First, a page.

BROKEN ARROW, Okla. (BP)–The theme of improved interpersonal relationships dominated the fourth of eight listening sessions with young leaders conducted by retiring LifeWay Christian Resources President James T. Draper Jr. in Broken Arrow, Okla., March 7.
Draper is using the final months of his leadership to draw attention to the lack of involvement of younger Southern Baptist leaders and why their participation is so important to the future of the convention.
Approximately 40 younger generation church leaders, predominately from Oklahoma, engaged in the dialogue with Draper at Broken Arrow’s First Baptist Church. Anthony Jordan, executive director-treasurer of the Baptist General Convention of Oklahoma, was also present for the dialogue.
The guided roundtable discussions focused on five central themes — missions and evangelism; creative and innovative approaches to ministry; convention renewal; inclusion of diverse church methods; and bridging relational barriers.
Repeatedly, participants voiced the need for strengthened interpersonal relationships. One of the participants suggested the convention needed to move from a banker’s mentality to a broker’s mentality. Instead of being a repository of information, programs and materials, the convention needs to be a relational network of resources.
Such themes energized the participants into lively discussion groups. One participant shared with his group that he believes the SBC had an effective strategy in the 1950s and 1960s, but those strategies do not appear to be working now. The older church leaders are more comfortable with the old strategies, but younger leaders — those younger than 50 and especially those in urban settings — feel disconnected and “are ready to embrace a new methodology.”
Overall, most participants were complimentary about the dialogue with Draper.
“It was great to see someone interested in what those of us who are younger think,” said John Wanger, Baptist Collegiate Ministries director at Northern Oklahoma State College. “There is always a need for change in today’s world in regard to getting our message out and staying in contact with one another. The message, however, does not change. I am excited to see the possibility for some grassroots momentum in meeting the needs of Oklahomans, Americans and the world in new ways.”
Several participants suggested a new innovation group be formed to dialogue about new convention-wide strategies. “But we must guard against the temptation to merely repackage the old strategy,” another participant noted.
After the roundtable exchanges, Draper addressed the group. He recounted that during his younger days the dream ministry was serving a county seat First Baptist Church and a complimentary country club membership. This generation, he said, doesn’t think in those kinds of terms.
“This is the most visionary generation I’ve seen,” Draper said. “They don’t even necessarily want to go to an established church. They are just as likely to go start a church somewhere. This is a powerful combination: their passion for evangelism and the willingness to go anywhere.”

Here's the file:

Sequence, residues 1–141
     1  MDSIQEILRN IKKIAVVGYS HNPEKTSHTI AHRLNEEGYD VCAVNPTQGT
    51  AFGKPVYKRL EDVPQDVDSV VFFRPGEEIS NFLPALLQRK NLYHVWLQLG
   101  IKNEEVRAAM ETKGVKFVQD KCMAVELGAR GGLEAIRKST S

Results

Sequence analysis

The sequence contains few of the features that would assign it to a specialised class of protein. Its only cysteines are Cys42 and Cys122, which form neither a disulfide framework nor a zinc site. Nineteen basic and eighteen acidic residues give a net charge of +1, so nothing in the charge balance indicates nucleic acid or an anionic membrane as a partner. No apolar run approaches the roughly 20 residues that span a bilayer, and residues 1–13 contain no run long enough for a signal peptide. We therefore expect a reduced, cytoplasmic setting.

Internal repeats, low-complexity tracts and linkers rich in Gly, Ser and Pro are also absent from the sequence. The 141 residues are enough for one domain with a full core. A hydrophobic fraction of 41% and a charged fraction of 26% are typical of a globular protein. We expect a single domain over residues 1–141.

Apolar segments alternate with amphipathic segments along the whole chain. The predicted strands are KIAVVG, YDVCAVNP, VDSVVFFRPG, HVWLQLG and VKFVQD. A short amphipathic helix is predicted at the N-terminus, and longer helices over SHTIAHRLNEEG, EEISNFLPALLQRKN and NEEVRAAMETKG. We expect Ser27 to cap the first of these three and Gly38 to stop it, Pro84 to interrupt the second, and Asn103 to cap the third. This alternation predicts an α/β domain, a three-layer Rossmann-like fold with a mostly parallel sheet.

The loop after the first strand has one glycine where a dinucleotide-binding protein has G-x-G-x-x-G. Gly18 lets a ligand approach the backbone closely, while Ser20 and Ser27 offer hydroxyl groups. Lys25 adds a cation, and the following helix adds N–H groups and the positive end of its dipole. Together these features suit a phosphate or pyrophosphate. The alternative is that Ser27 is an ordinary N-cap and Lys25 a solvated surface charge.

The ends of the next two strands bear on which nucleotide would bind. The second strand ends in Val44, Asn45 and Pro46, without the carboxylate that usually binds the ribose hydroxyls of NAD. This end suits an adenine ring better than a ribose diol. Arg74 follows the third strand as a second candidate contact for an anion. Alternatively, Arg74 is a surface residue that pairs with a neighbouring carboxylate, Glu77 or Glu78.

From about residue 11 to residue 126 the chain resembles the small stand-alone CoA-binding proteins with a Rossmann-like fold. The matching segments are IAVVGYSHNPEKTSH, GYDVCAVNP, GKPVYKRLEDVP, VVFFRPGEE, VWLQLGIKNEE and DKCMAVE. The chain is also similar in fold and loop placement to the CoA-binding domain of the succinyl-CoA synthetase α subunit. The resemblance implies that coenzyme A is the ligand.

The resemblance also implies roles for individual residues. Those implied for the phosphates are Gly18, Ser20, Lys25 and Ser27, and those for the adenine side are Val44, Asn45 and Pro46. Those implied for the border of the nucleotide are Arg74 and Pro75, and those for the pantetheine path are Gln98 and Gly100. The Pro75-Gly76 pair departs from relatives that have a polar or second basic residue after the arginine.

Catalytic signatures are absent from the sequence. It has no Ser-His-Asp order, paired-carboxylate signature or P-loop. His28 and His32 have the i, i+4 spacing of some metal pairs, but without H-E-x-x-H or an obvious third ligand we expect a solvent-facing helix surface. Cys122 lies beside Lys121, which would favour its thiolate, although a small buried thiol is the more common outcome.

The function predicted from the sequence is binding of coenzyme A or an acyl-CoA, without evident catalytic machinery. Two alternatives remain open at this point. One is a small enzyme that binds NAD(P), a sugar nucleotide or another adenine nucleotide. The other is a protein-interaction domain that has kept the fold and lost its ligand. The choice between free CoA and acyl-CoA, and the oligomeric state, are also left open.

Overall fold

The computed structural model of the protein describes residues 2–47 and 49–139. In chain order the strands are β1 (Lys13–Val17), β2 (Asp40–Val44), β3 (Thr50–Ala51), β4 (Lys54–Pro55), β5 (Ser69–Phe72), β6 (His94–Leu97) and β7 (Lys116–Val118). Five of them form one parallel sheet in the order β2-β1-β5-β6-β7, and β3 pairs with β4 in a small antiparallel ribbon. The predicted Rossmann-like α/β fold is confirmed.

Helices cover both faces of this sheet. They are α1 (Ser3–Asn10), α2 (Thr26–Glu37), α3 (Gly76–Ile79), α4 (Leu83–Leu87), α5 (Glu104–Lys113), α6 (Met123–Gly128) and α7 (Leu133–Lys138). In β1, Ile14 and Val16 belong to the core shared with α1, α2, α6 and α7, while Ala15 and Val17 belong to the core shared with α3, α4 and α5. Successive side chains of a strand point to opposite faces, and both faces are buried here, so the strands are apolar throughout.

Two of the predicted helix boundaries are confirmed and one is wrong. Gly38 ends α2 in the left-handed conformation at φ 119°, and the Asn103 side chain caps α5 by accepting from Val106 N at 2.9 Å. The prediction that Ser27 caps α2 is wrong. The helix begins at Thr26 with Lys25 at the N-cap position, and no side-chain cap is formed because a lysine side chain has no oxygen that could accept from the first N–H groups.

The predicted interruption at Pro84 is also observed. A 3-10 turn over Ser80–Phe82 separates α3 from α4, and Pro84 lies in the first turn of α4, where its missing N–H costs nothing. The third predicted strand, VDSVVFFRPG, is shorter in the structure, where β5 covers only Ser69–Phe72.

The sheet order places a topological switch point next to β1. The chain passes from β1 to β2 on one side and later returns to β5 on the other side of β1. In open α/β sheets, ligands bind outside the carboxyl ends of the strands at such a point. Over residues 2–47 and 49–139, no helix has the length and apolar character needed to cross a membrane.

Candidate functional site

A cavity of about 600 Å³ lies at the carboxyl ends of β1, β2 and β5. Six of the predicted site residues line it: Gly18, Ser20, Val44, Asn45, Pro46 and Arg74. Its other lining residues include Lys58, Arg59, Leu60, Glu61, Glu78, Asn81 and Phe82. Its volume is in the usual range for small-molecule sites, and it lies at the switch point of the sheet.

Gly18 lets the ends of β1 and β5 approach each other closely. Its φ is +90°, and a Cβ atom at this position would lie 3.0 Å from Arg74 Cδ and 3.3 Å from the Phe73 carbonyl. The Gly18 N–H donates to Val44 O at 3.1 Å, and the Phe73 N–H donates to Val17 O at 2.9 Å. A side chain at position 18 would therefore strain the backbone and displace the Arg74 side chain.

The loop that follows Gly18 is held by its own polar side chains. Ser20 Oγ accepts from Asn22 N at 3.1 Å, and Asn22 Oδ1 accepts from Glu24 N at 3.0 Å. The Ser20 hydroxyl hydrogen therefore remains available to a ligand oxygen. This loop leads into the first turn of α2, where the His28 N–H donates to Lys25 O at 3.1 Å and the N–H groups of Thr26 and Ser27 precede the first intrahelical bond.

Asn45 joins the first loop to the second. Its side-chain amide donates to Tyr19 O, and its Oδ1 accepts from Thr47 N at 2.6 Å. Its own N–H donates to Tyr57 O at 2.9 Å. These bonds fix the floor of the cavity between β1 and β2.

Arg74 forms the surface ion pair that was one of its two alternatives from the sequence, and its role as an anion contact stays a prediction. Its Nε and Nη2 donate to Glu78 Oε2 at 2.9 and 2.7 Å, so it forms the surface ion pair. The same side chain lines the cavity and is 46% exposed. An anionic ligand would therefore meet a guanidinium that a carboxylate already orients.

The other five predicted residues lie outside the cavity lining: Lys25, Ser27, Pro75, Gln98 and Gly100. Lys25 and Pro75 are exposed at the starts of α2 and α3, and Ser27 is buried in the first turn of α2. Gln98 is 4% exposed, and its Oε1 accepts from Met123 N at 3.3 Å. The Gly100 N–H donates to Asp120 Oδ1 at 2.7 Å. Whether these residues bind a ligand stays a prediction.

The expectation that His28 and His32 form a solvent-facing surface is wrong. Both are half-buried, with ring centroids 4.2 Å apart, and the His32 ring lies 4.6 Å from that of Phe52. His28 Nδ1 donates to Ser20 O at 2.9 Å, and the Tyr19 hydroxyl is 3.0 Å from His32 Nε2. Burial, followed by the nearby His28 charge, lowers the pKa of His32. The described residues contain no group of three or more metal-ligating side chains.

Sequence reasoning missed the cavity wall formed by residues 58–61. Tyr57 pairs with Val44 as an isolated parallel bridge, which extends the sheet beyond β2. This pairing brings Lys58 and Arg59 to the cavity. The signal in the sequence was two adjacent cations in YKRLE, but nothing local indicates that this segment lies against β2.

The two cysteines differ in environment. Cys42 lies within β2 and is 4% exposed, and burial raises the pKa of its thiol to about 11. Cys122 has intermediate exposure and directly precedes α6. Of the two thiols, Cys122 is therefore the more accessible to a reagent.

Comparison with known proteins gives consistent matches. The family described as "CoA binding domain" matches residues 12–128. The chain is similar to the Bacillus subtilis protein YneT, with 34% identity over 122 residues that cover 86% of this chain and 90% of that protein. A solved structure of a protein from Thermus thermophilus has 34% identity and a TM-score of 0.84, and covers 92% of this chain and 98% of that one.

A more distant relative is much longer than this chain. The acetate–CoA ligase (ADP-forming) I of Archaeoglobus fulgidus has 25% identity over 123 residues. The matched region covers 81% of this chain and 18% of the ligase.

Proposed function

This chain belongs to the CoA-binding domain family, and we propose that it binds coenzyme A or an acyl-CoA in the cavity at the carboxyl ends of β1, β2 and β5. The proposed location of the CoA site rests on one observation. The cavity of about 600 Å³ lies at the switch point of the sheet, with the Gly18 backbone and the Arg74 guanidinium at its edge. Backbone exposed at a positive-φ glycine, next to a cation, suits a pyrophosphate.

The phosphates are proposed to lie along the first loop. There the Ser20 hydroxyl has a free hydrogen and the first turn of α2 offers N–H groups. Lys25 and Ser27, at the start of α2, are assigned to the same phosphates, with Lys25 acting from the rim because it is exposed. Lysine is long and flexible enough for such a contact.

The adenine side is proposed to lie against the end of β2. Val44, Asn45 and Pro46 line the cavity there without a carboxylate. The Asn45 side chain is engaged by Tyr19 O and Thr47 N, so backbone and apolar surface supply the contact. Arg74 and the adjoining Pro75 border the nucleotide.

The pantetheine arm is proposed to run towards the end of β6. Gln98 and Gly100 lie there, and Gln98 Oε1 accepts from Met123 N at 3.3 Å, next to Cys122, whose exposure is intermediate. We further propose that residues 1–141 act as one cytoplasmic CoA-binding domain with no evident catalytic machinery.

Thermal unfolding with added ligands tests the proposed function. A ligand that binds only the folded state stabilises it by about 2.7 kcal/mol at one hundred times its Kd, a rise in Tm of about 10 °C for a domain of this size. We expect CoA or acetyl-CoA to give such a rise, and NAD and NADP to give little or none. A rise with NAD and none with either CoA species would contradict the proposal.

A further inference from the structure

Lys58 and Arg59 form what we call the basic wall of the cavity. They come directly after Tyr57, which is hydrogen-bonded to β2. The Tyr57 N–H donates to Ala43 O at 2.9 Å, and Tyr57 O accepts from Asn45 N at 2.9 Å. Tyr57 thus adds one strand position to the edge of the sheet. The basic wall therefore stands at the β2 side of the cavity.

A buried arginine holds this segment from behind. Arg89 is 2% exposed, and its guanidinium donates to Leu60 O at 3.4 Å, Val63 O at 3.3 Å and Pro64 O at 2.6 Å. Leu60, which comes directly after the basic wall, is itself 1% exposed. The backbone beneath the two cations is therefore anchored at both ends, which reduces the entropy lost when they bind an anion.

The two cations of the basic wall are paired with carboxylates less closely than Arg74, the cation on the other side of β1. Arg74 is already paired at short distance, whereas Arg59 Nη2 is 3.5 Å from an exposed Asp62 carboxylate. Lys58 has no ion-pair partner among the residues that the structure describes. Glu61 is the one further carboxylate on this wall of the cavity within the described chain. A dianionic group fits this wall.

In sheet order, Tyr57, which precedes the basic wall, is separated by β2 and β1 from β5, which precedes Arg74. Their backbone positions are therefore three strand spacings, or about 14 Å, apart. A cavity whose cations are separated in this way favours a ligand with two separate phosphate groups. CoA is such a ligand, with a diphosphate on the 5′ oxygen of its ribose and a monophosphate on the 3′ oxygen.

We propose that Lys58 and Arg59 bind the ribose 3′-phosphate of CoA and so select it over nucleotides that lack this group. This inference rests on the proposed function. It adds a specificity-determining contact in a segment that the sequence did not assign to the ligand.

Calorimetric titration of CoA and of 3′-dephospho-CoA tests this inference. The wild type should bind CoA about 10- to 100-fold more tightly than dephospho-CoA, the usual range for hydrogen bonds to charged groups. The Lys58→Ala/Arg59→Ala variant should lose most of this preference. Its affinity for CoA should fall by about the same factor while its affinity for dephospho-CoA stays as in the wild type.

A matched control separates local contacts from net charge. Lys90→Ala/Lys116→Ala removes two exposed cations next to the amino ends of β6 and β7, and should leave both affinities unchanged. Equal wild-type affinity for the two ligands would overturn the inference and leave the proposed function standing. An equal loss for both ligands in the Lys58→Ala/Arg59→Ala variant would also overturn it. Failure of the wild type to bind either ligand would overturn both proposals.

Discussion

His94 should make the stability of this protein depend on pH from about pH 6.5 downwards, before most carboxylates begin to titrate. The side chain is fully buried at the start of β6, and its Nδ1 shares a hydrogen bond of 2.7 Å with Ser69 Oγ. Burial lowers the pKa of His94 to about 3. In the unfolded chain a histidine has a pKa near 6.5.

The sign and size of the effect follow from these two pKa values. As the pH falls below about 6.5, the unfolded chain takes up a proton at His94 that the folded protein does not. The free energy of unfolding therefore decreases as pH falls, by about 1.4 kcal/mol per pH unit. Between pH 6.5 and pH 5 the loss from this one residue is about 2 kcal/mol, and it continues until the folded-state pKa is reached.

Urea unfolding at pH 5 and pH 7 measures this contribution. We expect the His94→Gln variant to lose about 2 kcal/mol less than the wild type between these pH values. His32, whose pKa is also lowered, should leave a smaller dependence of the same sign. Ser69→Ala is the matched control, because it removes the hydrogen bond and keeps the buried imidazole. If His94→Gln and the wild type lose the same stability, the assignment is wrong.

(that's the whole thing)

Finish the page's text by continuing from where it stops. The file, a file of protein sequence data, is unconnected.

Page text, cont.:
During the afternoon session, participants were given the floor to ask Draper any question relating to the convention or to express possible solutions. Shane Hall, pastor of Calvary Baptist Church in Tulsa, described the dialogue as a two-way street and said that younger generation pastors “needed to be willing to be engaged in the process. Too often we have had a singular Kingdom mindset.”
Tim Green, director of missions for the South Canadian Baptist Association who served as a table facilitator, said, “Our rope of sand [the Cooperative Program] will never be stronger than the weakest link, and I never want to be that weak link.
“I believe our greatest strength, our greatest challenge and our most amazing feature is our voluntary cooperation,” Green continued. “It must continually and forever form the context of all we do together.”
Draper noted that the theme of relationships has been a significant part of the discussion in his previous dialogue sessions.
At the outset of the process, he stated in a question-and-answer article in the January/February Facts and Trends, a LifeWay publication, “We need to facilitate mentoring and reverse mentoring. There definitely is a mutual need. We older folks have got to pull a chair up to the table for the younger ones. The enthusiasm and passion of the younger people is needed in any setting, whether it is the association, the state convention or the SBC.
“At the same time, the younger leaders need to learn from the experience of those who have gone before. That’s the kind of the mutual need we have of each other. The younger generation needs the prayer and guidance of the older generation and the older generation needs to have the fervor and passion that used to characterize their lives.”
Aaron Lynn, minister of education at Riverview Baptist Church in Bixby, Okla., said he was “very grateful for the opportunity to reconnect with LifeWay and the convention. It’s a good start, but let’s keep this going. Purposeful, consistent dialogue and action plans at the local, grassroots level may help churches reconnect.”
The series of discussions stemmed from Draper’s report to last year’s SBC annual meeting in Indianapolis when he initially expressed his concerns over the lack of involvement by younger ministers in Baptist life.